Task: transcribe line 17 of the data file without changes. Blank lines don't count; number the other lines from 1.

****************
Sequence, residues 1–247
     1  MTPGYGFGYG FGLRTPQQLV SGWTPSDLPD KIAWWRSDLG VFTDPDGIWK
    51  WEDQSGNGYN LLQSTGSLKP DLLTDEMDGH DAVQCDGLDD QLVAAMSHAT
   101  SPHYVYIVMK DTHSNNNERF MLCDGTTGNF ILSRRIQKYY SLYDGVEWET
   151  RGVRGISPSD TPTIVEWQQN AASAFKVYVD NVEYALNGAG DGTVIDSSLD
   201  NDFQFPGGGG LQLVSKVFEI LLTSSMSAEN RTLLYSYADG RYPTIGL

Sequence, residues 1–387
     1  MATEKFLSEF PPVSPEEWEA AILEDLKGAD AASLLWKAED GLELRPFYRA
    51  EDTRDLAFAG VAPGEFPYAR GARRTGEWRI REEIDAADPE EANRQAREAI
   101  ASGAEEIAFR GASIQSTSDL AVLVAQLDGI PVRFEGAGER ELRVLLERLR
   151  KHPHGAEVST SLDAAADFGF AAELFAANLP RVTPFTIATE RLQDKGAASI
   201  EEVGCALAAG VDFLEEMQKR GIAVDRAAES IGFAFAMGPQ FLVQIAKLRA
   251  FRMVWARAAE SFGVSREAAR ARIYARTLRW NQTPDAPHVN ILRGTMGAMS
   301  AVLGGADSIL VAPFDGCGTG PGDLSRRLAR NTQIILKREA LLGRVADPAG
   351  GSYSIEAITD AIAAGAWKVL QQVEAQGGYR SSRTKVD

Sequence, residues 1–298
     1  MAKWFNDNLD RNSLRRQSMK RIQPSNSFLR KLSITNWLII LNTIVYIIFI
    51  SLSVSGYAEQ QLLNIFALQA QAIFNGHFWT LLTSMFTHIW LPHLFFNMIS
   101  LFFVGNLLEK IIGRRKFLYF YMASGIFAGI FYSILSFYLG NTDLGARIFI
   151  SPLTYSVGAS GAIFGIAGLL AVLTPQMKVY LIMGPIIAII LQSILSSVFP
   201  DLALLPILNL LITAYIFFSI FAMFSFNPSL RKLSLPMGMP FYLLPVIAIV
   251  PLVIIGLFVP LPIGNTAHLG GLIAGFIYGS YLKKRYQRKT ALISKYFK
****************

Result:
     1  MAKWFNDNLD RNSLRRQSMK RIQPSNSFLR KLSITNWLII LNTIVYIIFI